Updated April 18th, 2018.
Muay Thai Boxing is a traditional form of combat sport practised in Thailand and now throughout the world.
Its origins stem from an older form of combat called ‘Muay Boran’ (ancient boxing), which was used back in the days when Siamese soldiers lost their weapons and were forced to fight unarmed. Muay Thai is often referred to as the “Art of Eight Limbs” due to its use of fists, feet, elbows and knees. Whereas most combat sports use either just the fists or the feet, Muay Thai makes use of the whole body for both defending and striking.
If you’ve always fancied yourself as the next Jean Claude Van Damme but don’t know your Spinning Back-Fist from your Cobra Punch, (which, let’s face it, means most of us), worry not as Thailand is literally teeming with places for you to learn. And before you know it you’ll be knocking those porridge oats off the top shelf of the pantry with a swift Round House Kick.
Where are the best places to learn Muay Thai?
As Muay Thai is the National Sport of Thailand there are hundreds of training camps to be found throughout the country, however whilst some welcome and actively encourage farangs (Westerners) to join, others can be very particular about training only Thais. Much of this has to to do with protecting their camp’s reputation in the regional and national fights.
Most tourist areas like Phuket, Koh Samui, Pattaya, Bangkok and Chiang Mai have training camps specifically for foreigners to come and learn the Muay Thai Boxing with lengths of stays ranging from several days to several weeks and in some cases even months. Although skill and experience are unimportant, to begin with, commitment and dedication are essential as most fighters train twice a day.
The morning sessions usually start around 6 am and last for approximately two hours, and the afternoon sessions will most likely run from about 4 pm – 6 pm. Your training will probably include a strict exercise regime and a tailored diet, so if you’re planning to slot in a quick bout of shadow boxing between beers and burgers on a lad’s beach holiday, then maybe a short taster day is more up your street.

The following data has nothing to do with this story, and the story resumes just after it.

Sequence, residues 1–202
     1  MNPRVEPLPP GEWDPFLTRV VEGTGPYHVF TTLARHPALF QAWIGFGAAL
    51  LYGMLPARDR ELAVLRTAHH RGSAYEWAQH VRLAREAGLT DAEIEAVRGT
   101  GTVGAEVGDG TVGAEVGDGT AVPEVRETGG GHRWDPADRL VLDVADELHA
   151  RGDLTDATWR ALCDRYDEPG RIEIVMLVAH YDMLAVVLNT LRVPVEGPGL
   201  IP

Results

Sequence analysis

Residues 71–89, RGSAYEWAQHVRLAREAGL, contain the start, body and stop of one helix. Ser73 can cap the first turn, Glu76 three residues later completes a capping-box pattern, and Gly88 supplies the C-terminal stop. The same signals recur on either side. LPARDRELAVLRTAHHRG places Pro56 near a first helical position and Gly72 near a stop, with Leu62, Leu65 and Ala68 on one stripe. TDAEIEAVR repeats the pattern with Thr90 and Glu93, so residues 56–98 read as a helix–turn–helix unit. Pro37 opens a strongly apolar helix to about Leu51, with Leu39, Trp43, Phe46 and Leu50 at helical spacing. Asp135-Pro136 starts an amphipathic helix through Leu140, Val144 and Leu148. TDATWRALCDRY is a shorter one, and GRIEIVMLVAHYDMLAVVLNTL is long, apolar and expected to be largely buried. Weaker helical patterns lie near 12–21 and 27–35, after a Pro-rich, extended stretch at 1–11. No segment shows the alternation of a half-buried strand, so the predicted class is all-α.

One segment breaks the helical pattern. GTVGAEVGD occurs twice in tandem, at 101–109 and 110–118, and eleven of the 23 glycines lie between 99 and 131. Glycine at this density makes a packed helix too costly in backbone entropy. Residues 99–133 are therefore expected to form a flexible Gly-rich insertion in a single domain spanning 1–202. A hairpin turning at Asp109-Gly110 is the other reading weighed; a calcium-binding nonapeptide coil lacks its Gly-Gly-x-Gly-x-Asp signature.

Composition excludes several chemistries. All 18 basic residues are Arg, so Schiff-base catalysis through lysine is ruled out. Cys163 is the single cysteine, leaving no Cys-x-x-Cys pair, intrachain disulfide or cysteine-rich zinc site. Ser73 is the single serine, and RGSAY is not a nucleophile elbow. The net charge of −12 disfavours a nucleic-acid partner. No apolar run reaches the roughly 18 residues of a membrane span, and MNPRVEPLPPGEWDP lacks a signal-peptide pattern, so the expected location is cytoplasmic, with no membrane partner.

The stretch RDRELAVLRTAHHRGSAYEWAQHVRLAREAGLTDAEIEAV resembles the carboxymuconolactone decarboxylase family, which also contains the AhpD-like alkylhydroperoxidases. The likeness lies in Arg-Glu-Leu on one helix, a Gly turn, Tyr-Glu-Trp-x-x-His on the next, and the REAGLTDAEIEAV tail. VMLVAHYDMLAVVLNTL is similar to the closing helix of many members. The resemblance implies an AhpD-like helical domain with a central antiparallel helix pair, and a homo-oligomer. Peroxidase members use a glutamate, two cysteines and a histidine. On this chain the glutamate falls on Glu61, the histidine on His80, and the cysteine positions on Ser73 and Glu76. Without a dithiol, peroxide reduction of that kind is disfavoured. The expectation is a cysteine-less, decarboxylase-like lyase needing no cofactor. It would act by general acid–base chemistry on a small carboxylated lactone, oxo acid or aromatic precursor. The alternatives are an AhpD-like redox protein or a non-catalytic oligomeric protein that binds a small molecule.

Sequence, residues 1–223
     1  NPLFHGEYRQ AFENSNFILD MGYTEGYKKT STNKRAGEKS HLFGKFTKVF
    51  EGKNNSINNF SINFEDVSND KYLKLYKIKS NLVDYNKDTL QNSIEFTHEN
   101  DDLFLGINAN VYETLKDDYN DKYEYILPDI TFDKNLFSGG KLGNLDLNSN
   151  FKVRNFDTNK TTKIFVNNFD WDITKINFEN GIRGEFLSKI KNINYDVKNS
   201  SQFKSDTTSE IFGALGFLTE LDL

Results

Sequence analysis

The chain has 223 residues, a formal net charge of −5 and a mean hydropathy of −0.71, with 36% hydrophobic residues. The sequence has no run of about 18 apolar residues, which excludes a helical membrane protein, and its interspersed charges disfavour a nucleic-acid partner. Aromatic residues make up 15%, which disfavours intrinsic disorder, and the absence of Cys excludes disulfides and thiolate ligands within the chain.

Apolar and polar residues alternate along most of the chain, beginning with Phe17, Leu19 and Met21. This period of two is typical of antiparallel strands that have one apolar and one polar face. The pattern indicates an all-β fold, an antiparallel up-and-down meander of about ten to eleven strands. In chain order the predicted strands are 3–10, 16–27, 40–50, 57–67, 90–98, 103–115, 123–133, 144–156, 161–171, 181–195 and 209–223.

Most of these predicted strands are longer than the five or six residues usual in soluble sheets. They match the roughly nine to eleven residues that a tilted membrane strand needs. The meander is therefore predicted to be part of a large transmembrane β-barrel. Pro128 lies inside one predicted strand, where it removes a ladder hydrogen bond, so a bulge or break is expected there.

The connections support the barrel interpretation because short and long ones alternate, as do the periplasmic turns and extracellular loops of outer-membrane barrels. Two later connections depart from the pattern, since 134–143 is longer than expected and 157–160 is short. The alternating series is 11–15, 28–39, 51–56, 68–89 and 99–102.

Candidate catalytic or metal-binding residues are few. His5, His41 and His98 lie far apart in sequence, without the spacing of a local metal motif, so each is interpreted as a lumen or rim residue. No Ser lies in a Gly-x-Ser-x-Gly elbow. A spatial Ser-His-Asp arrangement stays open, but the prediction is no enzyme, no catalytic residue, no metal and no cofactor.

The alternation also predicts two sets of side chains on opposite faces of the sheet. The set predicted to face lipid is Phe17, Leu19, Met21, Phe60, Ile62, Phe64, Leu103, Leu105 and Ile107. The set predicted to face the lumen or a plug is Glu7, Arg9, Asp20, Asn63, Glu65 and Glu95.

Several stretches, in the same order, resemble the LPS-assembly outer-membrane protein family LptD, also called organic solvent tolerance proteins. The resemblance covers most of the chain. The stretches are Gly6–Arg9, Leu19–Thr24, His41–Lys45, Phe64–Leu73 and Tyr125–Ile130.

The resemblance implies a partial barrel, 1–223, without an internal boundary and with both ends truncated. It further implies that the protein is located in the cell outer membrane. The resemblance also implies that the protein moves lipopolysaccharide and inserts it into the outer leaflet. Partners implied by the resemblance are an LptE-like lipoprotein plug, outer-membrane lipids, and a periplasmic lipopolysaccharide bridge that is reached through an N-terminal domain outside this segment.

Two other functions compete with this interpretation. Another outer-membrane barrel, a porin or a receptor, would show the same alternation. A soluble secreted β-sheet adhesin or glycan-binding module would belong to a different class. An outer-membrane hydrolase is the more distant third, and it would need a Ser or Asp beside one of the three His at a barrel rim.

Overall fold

Muay Thai Training Camps recommended by our readers:
Sitjemam Muay Thai, Pai, Thailand:
This training gym located in beautiful Pai, Northern Thailand comes highly recommend, they offer one session ‘trials’ for $15 USD, one-week training programs for $140 USD or one-month programs for $420. Packages include accommodation, all equipment, daily group training sessions as well as one-on-one attention from a personal trainer. This is so far the best value for money Muay Thai Training Camp that we’ve found in Thailand. Check out some of their training programs here.
Lanna Muay Thai Camp, Chiang Mai:
Lanna Muay Thai is a family run training camp in Thailand’s northern city of Chiang Mai, welcoming both locals and foreigners to train and fight. Prices range from daily sessions at 400 Baht to monthly packages at 8000 Baht. Accommodation is not included but there are a range of options including guest houses and private apartments. Prices vary depending on length of stay but there are discounts for monthly bookings.
Attachai Muay Thai Training Gym in Bangkok:
Attachai Fairtex is an ex-World Champion fighter and since he retired he opened a gym in Bangkok to pass on his immense knowledge of Muay Thai. Check out a video of Attachai fight below and find out more about training with Attachai here.
Tiger Muay Thai, Chalong , Phuket:
Read this article about a beginner’s experience at Tiger Muay Thai here.
Krabi Muay Thai Training Gym:
For those who are serious about their Muay Thai Training, check out the training programs at Krabi Muay Thai Gym.
Monsoon Gym and Fight Club in Koh Tao:
Training, dorm rooms, gym and kitchen.
Sinbi Muay Thai Training Camp, Rawai Phuket:
Started by a champion Muay Thai fighter (Thopadake Wanchalerm) Sinbi Taewoong.
Charn Chai Muay Thai, Pai, Thailand:
We had friends who went to stay here for a few days and loved it so much they ended up staying months!
Where are the best places to watch Muay Thai?
With over 60,000 full-time boxers in Thailand alone, fighting is big business here. Most tourist places tend to heavily promote the fights so you probably won’t need to look far to find one. If a tout doesn’t hand you a flyer personally at your dinner table or the bar, then you’re sure to see and definitely hear the offensively loud trucks going by announcing each fight night.
Our pick! Lumpini Stadium, Bangkok – Whilst the local fights can be a great night out, if you’re looking for something on a grander scale then a bigger venue like Lumpini Stadium in Thailand’s capital, Bangkok, is your answer. With spectacular displays from some of Thailand’s best boxers and a lively crowd made up of both Thais and tourists you’re in for a real treat.
Even if fighting is not your thing, there’s no denying the electrifying and contagious atmosphere and you can’t help but get caught up in the “Ooh”s and “Aaah”s. The stadium hosts Muay Thai Boxing matches every Tuesday, Friday and Saturday and although tickets can be quite expensive at around 1,500 Baht for foreigners, it’s well worth it for an evening’s entertainment.
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Written by Luke Doolin.